In the latest issue of Ploughshares, Viet Thanh Nguyen states “literary change at the structural level will not happen without quantification. We will not be able to see how prejudiced our tastes are if we do not track who we are publishing and who we are hiring.” He recognizes, of course, that qualitative considerations have long held the center of literature and the humanities, but quantitative work allows us to recognize patterns of practice at scale.
It’s striking to me that he has to say this and that his admission still feels so jarring today (even to me as a scholar who move between qualitative and quantitive work in my own research). I suspect it’s because many in the humanities at present find themselves between the twin pinchers of funding models that privilege STEM programs and the growing reach of the modern assessocracy who seeks to reduce all aspects of campus life to numbers (and then, at the end of the day, dollars). I have heard the subtle grumbles from my own editorial board when it comes to assessing the submissions and contributions to NDQ by the numbers. I remain committed to tracking gender and genre across our submissions (race is harder, but national origin is relatively easy). I also recognize that a journal like NDQ needs to have a certain number of subscribers to survive, that the length of the journal is reckoned in the number of characters, and our webpage statistics are important to understand our reach, submission patterns, and readership. (Facebook and Twitter drive most of the traffic to our site, so you should follow us there!) In most cases, my editors just ignore my quantitative ramblings, but some send snarky little emails. It’s fine. I get it.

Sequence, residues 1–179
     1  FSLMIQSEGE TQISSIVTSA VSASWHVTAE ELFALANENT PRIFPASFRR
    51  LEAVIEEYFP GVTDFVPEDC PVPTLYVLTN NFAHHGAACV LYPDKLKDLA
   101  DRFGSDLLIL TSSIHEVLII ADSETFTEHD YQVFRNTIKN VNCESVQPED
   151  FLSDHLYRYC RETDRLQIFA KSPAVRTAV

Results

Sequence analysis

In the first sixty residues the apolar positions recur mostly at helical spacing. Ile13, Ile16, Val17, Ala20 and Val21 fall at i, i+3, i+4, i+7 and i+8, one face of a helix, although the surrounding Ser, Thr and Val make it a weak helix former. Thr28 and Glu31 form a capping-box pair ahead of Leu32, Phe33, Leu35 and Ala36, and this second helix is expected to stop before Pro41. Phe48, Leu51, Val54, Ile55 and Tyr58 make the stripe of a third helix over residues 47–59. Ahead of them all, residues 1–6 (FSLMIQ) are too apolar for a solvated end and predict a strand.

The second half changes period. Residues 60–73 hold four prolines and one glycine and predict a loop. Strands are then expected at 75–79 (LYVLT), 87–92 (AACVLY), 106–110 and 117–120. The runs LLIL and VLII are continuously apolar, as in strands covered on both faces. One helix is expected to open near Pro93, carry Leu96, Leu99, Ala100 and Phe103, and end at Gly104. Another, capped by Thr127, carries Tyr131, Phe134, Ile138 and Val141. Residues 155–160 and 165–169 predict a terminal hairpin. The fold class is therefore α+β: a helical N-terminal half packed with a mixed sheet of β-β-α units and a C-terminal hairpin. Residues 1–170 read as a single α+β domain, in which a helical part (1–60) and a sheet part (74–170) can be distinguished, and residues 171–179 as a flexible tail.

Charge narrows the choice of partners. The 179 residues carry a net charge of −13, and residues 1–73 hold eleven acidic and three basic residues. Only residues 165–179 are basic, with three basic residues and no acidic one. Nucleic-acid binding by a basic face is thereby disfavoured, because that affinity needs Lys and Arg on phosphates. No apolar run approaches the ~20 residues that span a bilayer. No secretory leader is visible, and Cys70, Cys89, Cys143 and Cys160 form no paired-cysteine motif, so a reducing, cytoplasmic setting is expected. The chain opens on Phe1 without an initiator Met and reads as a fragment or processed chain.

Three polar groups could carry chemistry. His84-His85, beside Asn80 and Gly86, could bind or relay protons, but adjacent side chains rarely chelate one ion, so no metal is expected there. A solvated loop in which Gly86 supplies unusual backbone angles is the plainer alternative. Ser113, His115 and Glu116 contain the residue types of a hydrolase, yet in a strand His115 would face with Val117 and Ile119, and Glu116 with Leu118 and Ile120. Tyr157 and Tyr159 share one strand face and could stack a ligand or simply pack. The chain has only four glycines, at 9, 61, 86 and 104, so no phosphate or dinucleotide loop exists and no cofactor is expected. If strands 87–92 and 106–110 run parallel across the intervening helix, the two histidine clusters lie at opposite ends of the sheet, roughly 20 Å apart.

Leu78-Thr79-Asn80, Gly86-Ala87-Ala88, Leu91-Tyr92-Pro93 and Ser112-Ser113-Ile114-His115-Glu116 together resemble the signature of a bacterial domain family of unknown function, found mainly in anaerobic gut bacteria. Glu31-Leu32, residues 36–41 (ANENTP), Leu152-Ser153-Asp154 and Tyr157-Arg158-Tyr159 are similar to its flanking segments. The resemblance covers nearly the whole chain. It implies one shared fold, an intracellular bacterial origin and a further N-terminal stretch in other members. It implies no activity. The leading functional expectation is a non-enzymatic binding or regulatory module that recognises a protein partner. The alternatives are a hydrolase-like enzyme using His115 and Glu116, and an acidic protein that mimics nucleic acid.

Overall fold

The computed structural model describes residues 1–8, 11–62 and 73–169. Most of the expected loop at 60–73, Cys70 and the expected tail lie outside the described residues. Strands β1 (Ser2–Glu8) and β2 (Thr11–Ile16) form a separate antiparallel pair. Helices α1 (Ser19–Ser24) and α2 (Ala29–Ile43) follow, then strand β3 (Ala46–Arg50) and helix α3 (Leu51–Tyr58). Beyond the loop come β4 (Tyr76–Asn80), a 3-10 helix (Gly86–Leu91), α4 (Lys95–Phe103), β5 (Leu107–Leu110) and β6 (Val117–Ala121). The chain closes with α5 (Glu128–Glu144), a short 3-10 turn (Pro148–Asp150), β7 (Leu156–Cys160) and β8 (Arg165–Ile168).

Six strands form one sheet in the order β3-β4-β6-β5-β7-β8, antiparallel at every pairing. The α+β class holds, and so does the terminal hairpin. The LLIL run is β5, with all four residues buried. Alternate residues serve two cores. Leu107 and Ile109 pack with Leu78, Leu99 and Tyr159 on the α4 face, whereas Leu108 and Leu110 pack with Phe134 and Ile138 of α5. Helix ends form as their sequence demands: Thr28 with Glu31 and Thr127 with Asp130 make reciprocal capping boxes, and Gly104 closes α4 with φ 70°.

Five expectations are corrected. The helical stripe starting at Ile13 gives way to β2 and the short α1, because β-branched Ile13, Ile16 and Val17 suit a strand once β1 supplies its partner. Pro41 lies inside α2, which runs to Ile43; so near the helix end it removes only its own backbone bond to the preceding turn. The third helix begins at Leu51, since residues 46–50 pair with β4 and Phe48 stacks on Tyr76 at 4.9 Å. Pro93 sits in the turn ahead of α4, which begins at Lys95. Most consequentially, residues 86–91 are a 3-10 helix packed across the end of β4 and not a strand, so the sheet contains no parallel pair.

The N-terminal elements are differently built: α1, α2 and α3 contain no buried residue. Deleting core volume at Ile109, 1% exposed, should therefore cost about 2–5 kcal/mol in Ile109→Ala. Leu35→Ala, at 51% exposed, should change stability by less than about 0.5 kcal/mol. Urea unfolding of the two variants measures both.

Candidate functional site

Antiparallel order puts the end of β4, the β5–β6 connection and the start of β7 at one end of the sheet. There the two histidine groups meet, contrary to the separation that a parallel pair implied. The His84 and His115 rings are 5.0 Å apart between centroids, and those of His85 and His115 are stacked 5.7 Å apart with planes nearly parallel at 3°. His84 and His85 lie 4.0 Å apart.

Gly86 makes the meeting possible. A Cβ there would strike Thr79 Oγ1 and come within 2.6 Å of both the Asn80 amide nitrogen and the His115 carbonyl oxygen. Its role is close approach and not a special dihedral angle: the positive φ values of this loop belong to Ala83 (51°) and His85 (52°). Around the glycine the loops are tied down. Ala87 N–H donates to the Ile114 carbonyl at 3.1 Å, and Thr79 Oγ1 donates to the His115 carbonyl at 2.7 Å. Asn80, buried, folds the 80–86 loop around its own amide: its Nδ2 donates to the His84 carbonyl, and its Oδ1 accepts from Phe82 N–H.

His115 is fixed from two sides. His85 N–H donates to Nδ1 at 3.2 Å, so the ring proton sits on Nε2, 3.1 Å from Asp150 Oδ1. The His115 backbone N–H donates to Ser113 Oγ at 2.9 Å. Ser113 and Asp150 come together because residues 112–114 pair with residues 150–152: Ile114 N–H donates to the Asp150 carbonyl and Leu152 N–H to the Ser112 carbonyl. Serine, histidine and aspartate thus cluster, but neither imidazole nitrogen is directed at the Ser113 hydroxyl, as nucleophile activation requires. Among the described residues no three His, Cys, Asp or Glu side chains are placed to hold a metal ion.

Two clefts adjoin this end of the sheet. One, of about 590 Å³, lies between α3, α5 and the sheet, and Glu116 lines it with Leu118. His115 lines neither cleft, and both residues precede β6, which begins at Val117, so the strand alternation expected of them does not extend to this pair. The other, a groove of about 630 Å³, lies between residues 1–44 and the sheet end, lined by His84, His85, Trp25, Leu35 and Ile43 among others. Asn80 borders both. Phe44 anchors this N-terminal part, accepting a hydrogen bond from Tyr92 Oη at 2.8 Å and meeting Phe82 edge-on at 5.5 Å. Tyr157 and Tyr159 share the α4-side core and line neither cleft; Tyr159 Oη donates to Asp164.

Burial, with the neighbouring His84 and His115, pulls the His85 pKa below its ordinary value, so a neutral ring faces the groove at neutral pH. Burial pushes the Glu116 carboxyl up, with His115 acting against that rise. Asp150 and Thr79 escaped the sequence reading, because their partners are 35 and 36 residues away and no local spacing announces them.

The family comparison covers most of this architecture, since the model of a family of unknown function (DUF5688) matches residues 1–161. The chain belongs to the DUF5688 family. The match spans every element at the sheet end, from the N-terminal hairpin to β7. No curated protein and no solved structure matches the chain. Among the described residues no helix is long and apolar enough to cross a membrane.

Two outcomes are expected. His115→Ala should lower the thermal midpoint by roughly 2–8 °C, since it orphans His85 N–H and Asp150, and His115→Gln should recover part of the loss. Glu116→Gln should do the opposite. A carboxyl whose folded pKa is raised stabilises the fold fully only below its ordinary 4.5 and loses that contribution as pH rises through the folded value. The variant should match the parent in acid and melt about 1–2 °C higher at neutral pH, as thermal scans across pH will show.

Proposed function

Earlier this month one of may favorite scholars, Jeremy Huggett at Glasgow, published a piece in the Journal of Computer Applications in Archaeology titled “Resilient Scholarship in the Digital Age.” In it, he faces head on the tensions between the digital practices that have lately come to dominate the quantitative culture of our neoliberal universities and digital practices that we embrace in our academic work (and, in Huggett’s case, digital archaeology, but the broader digital humanities and social science apply here).
The same digital tools that I employ to monitor the performance of the NDQ website and the diversity of our authors are used to assess the popularity of majors, rank the performance of faculty research and teaching, and distribute funds to programs. More than that, the blog on which your reading this piece, our digital archive, and even the digital version of NDQ that critiqued the university in this age of austerity, all offer a compromised experience compared to the paper copy of the Quarterly that is set to arrive in your mailbox later this fall. Even as I write this, I’ve been interrupted by emails, tracked down a wayward citation, and checked the time of the Phillies game tonight. My attention is regularly so divided through my digitally mediated work that while many things happen, few things get done, despite the ease with which I can communicate with publishing partners, co-authors, and my growing body of “born digital” data. As Huggett notes, the same tools that allow us to connect with our professional lives more easily also contribute to the “always on” culture and professional burn out.
Huggett’s paper doesn’t stop at critique, however. He concludes his article by asking is whether we can use the same tools and practices to build more resilient academic and professional communities. A similar question has haunted us as we have persisted with NDQ even after it seemingly terminal budget cuts. By leaning more heavily on digital tools and their relationship with quantification and, ultimately, the market, we have tried to create space for the journal to continue. In fact, we’ve argued that the persistence of NDQ serves as a kind of statement of resistance to the practices of the 21st century university and contemporary ways of measuring social and cultural value (see my essay in NDQ 85). The humanities can not only play the commercial, digital, and market-driven game, but we can subvert it even as university administrators and public officials attempt to pull the rug out from under us.
There are risks to this approach, however. As we increasingly use bits, bytes, and digits to mediate our world, I feel increasingly concerned that we not confuse these things with the experiences, people, places, and relationships that the are supposed to represent. Our willingness to demonstrate that we can survive in a market driven economy might well be read as an endorsement of that economy. These are complicated times in the humanities.